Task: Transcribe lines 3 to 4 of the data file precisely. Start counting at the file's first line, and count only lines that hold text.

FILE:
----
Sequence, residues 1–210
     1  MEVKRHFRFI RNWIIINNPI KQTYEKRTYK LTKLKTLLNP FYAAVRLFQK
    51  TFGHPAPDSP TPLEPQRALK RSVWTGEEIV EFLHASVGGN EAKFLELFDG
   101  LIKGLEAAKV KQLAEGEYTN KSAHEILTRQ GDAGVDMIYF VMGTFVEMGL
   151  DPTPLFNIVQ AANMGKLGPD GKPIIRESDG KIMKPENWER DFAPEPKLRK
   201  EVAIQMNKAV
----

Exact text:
    51  TFGHPAPDSP TPLEPQRALK RSVWTGEEIV EFLHASVGGN EAKFLELFDG
   101  LIKGLEAAKV KQLAEGEYTN KSAHEILTRQ GDAGVDMIYF VMGTFVEMGL